During the seventeenth and eighteenth centuries, men often wore elaborate and brightly-coloured waistcoats.

But changing fashions in the nineteenth century demanded a more subdued palette to match the new lounge suits.

1730. Italian. Silk twill and plain weave (gros de tours) with silk- and metallic-thread discontinuous supplementary-weft patterning bound in twill (lampas). LACMA
1730. Italian. Silk twill and plain weave (gros de tours) with silk- and metallic-thread discontinuous supplementary-weft patterning bound in twill (lampas). LACMA

As the eighteenth century progressed, waistcoat skirts became shorter and eventually disappeared.

Complementing the coat and breeches, luxurious fabrics and decoration were emphasized for the visible areas, while those unseen were made of cheaper fabrics like linen or wool.

1740. British. Silk, linen and possibly horsehair, hand woven and hand sewn, silver. © Victoria and Albert Museum, London
1740. British. Silk, linen and possibly horsehair, hand woven and hand sewn, silver. © Victoria and Albert Museum, London
1750. French. Silk cut, uncut, and voided velvet (ciselé) on satin foundation. LACMA
1750. French. Silk cut, uncut, and voided velvet (ciselé) on satin foundation. LACMA

Reserved for the most formal occasions, the shimmering waistcoat below would have been used for court appearances or high ceremonies.

Woven entirely out of metallic threads which were difficult and costly to work with, it would have been a very expensive purchase.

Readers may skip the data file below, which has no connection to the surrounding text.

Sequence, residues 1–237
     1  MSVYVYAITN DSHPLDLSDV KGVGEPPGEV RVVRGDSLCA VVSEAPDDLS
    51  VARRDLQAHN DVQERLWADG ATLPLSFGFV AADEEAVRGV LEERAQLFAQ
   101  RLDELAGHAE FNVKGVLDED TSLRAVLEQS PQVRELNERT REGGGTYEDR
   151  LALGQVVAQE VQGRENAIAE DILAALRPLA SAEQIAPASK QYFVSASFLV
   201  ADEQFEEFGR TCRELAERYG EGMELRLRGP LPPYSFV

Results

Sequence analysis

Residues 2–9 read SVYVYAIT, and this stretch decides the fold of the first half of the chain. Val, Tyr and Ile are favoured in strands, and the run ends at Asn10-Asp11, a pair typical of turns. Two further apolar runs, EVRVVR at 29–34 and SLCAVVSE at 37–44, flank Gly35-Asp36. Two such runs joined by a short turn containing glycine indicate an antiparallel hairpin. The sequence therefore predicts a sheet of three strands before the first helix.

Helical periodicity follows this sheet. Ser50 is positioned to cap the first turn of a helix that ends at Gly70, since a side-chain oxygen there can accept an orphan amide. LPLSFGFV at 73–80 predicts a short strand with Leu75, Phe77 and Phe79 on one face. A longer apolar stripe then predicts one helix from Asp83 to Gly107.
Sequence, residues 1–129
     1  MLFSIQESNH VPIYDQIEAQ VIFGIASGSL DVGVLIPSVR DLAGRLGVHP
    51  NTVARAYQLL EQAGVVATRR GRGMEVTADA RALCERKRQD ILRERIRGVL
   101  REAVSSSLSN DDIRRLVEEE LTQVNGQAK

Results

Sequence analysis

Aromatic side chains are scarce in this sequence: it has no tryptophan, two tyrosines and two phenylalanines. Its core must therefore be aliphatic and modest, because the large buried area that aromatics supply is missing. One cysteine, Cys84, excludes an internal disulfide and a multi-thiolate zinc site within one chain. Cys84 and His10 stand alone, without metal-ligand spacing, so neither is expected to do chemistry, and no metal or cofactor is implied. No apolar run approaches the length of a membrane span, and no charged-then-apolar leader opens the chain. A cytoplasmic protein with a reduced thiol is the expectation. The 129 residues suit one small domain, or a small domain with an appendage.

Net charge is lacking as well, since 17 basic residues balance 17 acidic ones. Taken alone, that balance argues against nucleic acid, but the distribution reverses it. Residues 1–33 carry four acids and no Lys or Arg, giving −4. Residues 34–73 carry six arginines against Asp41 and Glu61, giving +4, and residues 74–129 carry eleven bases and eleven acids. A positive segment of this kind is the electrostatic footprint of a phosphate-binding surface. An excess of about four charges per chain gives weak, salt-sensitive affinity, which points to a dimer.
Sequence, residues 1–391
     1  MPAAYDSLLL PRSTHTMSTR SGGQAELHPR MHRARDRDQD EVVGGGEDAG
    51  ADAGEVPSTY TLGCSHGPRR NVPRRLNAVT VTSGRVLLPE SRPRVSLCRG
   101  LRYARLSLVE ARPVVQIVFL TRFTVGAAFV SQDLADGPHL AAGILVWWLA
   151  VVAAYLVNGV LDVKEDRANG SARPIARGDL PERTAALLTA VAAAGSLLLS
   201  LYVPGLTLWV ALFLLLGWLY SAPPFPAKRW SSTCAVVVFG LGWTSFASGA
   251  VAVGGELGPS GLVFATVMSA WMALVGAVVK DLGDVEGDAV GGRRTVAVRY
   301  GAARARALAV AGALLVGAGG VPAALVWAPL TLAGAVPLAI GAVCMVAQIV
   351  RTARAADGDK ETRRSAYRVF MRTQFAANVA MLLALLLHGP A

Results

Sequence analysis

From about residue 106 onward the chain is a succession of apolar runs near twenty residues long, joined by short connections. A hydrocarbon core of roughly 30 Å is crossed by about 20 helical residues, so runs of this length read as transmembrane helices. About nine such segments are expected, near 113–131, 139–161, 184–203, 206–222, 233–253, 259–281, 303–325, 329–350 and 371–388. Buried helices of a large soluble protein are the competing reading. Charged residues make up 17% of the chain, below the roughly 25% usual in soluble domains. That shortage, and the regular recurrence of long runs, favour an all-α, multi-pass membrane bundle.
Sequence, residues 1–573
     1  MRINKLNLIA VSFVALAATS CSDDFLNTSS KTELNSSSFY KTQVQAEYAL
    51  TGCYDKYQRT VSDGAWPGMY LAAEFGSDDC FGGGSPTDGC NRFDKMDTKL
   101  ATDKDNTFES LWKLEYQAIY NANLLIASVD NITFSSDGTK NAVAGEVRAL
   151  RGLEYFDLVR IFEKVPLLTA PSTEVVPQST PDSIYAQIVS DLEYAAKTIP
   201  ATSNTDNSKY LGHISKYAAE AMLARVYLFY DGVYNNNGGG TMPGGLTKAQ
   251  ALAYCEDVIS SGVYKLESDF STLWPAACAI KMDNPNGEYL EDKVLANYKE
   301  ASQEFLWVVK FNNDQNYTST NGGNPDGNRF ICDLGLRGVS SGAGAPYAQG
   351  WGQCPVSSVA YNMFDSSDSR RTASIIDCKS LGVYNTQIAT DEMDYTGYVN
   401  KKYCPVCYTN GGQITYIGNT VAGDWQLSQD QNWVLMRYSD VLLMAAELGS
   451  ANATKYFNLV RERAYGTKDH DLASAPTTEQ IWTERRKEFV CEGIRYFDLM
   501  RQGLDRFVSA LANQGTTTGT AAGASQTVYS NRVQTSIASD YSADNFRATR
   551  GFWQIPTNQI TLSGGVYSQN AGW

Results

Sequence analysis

1750. British. silk, metal, linen. metmuseum
1750. British. silk, metal, linen. metmuseum

Troops of the regular army would wear waistcoats made from old worn-out overcoats turned inside-out so that the reverse-colored lining was on the outside.

Regular British Soldiers and an Officer. Credit Tommc73
Regular British Soldiers and an Officer. Credit Tommc73
1760. British. Cotton plain weave with cotton corded quilting. LACMA
1760. British. Cotton plain weave with cotton corded quilting. LACMA

From the inventive floral sprigs composed of different flowers, down to the bull’s-eye motif of the buttons, the embroidery on this vest is a particularly noteworthy remnant of 18th-century men’s wear.

1760. French. silk, cotton. metmuseum
1760. French. silk, cotton. metmuseum
1765. British. Brocaded silk. © Victoria and Albert Museum, London
1765. British. Brocaded silk. © Victoria and Albert Museum, London

Outstanding naturalistic leaves and petals and intricate floral motifs on this vest show the refinement of 18th-century embroidery.

1780. French. Silk, metmuseum
1780. French. Silk, metmuseum

Depicting Aesop’s (620-560 BC) tale of “The Wolf and the Crane”, the embroidery motifs on this vest show a crane removing a bone from a wolf’s throat.

Indicative of the status of the waistcoat as decoration was a playful style to the beautiful embroidery work.

1780. French silk, cotton. metmuseum
1780. French silk, cotton. metmuseum
1780. French. Silk. metmusem